Last weekend's gun attacks on police by dissident republicans illustrate the increasingly reckless and dangerous nature of their campaign.
These attacks and others like the attempted proxy bombs in Derry tell me that the so-called ‘dissidents’ are becoming more desperate and frustrated at their lack of ‘success’.
But does there come a moment in time when even the most illogical of minds can draw a logical conclusion? Let us hope so.
With every passing day the sheer senselessness of the dissident republican campaign in the north becomes ever more apparent. Even to refer to it as a ‘campaign’ stretches the limits of accurate vocabulary.
This is not to underestimate the fact that these disparate groups possess deadly capacity and deadly intentions. Their previous murder and maiming of individuals has shown the terrible consequence of their continued existence.
In cold military terms however, they have shown themselves to be a fairly ragged rump.
A combination of effective policing and co-operation between the Gardai and the PSNI have thwarted their activities, resulting in several charges and arrests. In their depths though, the leaders of dissident republicanism must also recognise another reality. Not only, it seems, do the dogs on the street know every movement of these dissidents but that these same dogs are freely talking to the police.
The continuation of their ‘campaign’ is certain to achieve only one thing. Those easily led will face long years in prison. More likely than not, the vast majority of them will be young men. It is a waste which has too often been repeated throughout Irish history.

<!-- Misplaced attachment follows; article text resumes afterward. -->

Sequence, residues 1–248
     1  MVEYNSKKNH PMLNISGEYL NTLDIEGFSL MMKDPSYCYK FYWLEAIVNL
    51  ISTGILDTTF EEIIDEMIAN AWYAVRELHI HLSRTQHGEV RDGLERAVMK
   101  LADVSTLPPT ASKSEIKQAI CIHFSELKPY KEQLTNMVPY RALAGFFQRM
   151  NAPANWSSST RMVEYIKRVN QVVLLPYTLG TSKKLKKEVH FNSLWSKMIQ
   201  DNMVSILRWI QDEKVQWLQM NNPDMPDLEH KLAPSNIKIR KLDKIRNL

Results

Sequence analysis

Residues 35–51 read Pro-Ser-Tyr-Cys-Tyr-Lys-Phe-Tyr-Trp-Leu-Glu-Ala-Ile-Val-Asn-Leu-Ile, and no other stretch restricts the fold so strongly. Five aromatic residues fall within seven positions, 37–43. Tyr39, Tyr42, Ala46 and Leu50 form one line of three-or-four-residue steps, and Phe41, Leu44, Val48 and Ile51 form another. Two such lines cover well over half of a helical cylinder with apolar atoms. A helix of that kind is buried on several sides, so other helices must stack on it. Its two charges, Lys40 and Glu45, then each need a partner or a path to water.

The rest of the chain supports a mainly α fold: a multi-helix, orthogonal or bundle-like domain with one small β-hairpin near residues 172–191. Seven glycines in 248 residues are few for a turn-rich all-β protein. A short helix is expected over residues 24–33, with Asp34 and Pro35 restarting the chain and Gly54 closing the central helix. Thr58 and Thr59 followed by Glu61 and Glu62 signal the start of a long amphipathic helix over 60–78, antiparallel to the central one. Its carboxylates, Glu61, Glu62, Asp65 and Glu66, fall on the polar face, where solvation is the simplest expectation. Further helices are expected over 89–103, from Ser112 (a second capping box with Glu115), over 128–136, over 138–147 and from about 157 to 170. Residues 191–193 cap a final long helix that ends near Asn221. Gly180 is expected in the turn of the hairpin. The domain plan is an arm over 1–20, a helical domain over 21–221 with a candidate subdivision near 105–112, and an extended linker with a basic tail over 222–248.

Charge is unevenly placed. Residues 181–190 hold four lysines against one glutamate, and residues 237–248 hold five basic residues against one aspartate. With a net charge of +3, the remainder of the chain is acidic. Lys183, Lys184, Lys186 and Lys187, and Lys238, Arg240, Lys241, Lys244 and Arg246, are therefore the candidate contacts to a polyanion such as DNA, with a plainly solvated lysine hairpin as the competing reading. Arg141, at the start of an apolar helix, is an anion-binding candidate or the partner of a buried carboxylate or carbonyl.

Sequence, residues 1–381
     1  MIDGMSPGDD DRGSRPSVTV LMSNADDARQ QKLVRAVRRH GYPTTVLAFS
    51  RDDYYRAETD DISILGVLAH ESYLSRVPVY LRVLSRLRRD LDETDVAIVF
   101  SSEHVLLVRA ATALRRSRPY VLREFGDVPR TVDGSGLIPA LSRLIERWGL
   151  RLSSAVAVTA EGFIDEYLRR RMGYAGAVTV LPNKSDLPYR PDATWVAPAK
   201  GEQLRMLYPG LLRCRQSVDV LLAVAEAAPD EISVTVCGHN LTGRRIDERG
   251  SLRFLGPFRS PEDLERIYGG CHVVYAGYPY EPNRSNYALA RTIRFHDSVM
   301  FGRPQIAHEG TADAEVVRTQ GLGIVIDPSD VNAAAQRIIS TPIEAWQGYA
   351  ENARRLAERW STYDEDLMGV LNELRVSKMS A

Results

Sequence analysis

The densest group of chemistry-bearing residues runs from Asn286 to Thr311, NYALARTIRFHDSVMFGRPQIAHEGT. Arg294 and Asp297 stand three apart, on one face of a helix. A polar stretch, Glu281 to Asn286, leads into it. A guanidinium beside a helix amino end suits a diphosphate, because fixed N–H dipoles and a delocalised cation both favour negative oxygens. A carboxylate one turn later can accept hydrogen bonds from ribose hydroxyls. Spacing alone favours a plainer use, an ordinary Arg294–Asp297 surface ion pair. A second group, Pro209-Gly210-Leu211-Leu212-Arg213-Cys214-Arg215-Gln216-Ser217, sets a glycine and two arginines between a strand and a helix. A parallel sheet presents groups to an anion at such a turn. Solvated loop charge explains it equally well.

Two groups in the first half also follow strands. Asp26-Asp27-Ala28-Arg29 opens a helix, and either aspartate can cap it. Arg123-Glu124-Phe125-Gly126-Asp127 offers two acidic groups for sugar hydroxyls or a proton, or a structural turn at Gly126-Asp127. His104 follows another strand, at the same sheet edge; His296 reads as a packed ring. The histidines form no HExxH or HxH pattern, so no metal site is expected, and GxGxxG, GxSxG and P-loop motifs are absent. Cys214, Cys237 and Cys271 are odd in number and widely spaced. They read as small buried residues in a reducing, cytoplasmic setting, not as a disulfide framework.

Those who walk in a world vulnerable to the dissidents’ malign influence should be clear as to the will of the Irish people. The nationalist and republican peoples of Ireland have repeatedly rejected dissident republicanism’s archaic ideas, their cause and their activities. Ireland is a country which has known violence and known its futility. The road to a New Ireland is impeded by those who would use the tactic of violence. Dissident republicans should not fool themselves into the belief that their fight is with the British Government. It is the Irish people with whom they must contend.
I am acutely aware that these words and this analysis have been articulated before. Despite the undoubted necessity to continually vocalise this mantra, its predictability can sometimes act to reduce the potency of its message.
Perhaps, therefore, dissidents may more readily abide by the advice and example of a previous generation of republican militants. The IRA border campaign of the late 1950s was called to a halt because, by their own admission, it had failed to gain any support or sympathy amongst the nationalist peoples of the north. Even within the tradition that desperately clung on to the fundamentalist view of political violence, the full force of failure was belatedly accepted.
The IRA press release of February 1962 read: "All arms and other material have been dumped and all full-time active service volunteers have been withdrawn".
It was an acknowledgement of reality and logic.
The unalienable truth of that moment is no less dimmed today. It is time that dissident republicanism drew the same logical conclusion.